Brexit: Trade deal with UK ‘up to EU’, says Boris Johnson

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Media captionBoris Johnson: ‘It’s just up to them’

Boris Johnson has said it is now up to the EU to avoid a no-deal scenario over post-Brexit trade.

After the final round of formal talks between officials, the prime minister said a deal was “all there”.

But the prime minister said Brussels had to be “commonsensical” to get it across the line, with both sides setting an October deadline to settle their differences.

EU Commission President Ursula von der Leyen called for talks to “intensify”.

She is due to meet Mr Johnson on Saturday via video call to “take stock” of the situation and decide the next steps.

Talks between chief negotiators Lord David Frost and Michel Barnier broke up earlier, without an agreement.

Mr Barnier said “persistent serious divergences” remained between the two sides, while Lord Frost said there was “very little time now to resolve these issues”.

The UK formally left the EU in January, but entered a transition period – where the UK has kept to EU trading rules and remained inside its customs union and single market – to allow the two sides to negotiate a trade deal.

Formal talks began in March and continued throughout the pandemic, but there has been concerns over whether a plan would be agreed before that period runs out on 31 December.

Issues that have become particular sticking points between negotiators are state aid – where governments give financial support to businesses – and fishing rules.

The EU has said a deal must be reached before the end of October to allow it to be signed off by the member states before the end of the year, while Mr Johnson has said both sides should “move on” if agreement was not reached by the middle of the month.

If a deal is not done, the UK will go on to trade with the bloc on World Trade Organisation rules.

‘Every chance’

In a round of interviews with the BBC, Mr Johnson said: “I hope that we get a deal, it’s up to our friends.”

He told BBC Northern Ireland’s Mark Devenport: “They’ve done a deal with Canada of a kind that we want, why shouldn’t they do it with us?

“We’re so near, we’ve been members for 45 years. It’s all there, it’s just up to them.”

The PM also said to BBC Midlands Today’s Elizabeth Glinka there was “every chance to get a deal”, but added: “It’s up to our friends and partners to be commonsensical.”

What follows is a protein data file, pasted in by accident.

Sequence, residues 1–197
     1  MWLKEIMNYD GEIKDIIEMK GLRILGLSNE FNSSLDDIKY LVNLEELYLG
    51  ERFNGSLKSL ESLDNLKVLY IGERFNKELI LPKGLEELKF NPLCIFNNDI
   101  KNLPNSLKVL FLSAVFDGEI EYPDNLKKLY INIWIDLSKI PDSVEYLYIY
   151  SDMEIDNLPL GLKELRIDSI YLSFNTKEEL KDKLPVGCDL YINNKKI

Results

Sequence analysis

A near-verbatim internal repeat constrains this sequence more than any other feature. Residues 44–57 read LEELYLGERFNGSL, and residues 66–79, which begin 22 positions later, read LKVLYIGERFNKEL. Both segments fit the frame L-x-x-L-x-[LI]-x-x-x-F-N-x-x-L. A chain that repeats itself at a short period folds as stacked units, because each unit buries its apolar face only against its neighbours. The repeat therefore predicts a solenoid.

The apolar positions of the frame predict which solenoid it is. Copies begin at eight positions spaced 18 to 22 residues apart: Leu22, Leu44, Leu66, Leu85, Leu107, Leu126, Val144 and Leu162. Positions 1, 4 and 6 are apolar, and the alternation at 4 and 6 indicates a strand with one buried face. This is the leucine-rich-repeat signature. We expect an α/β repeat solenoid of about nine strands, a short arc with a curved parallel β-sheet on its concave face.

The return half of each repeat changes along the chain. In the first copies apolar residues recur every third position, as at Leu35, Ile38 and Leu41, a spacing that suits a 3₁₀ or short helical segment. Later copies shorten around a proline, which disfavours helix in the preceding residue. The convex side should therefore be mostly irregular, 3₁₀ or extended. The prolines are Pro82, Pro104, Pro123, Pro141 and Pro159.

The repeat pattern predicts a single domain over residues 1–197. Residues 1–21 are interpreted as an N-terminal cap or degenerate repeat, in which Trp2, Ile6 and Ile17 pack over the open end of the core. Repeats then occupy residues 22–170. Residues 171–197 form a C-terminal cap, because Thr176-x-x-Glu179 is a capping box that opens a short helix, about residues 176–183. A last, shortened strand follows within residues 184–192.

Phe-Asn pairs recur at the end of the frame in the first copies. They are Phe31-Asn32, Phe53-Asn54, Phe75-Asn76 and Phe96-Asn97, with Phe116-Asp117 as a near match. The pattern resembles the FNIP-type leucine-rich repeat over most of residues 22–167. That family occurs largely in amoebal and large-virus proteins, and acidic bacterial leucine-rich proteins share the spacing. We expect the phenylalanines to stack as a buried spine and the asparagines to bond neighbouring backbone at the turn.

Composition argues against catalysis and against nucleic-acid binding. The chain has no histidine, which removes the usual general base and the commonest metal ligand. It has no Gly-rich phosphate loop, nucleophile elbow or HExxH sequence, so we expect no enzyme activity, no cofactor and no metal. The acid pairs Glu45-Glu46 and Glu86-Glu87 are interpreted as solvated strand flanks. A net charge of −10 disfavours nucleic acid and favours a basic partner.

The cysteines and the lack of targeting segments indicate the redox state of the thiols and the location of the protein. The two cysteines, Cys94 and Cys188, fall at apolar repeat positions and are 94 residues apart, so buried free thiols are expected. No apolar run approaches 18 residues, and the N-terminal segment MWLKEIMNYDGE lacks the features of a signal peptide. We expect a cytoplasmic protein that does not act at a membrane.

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Image caption Boris Johnson and Ursula von der Leyen will speak via video conference on Saturday

Speaking ahead of her call with the UK prime minister, Mrs von der Leyen said: “We should not forget we have made progress in many many different fields, but of course the most difficult ones are still completely open.”

She pointed to the problems with the so-called “level playing field” with state aid – calling it “a question of fairness” – as well as the issue of fishing,

But, she added: “Overall, where there is a will there is a way, so I think we should intensify the negotiations because it is worth working hard on it.”

News of the talks between Boris Johnson and Ursula von der Leyen is significant and Saturday cannot be dismissed as more blah blah in the Brexit process.

Speculation is rife, of course, as to why the prime minister and the EU Commission president have suddenly scheduled their digital tête-à-tête.

In general, it’s interpreted as a positive sign.

The accepted wisdom has always been that negotiating teams can only make so much progress.

And that the final push – the politically tough decisions on how much to compromise on the final sticking points – would have to come from up high.

But we’re not there yet.

It’s possible the prime minister and Mrs von der Leyen are talking tomorrow to explore who is really willing to make what compromises on the final outstanding issues.

For now, the why’s and what’s of Saturday’s talks are pure speculation.

The only thing we know for sure: the UK and EU say they want a deal – though not at any price.

Yet if and when a deal eventually emerges, both sides will have had to make compromises.

Read more from Katya here.

In a statement, Lord Frost said the final round of negotiations had been “constructive” but “familiar differences remain”.

On fishing, he said the gap was “unfortunately very large”, and he called for the EU to “move further before an understanding can be reached” on state aid.

The negotiator added: “I am concerned that there is very little time now to resolve these issues ahead of the European Council on 15 October [the deadline set by the PM to reach a deal].

“For our part, we continue to be fully committed to working hard to find solutions, if they are there to be found.”

Mr Barnier agreed the negotiations had been conducted in a “constructive and respectful atmosphere”, with some “positive new developments on some topics” – such as aviation safety and police cooperation.

But he said there was “a lack of progress on some important topics”, such as climate change commitments, “as well as persistent serious divergences on matters of major importance for the European Union”, including state aid and fishing.

He added: “We will continue to maintain a calm and respectful attitude, and we will remain united and determined until the end of these negotiations.”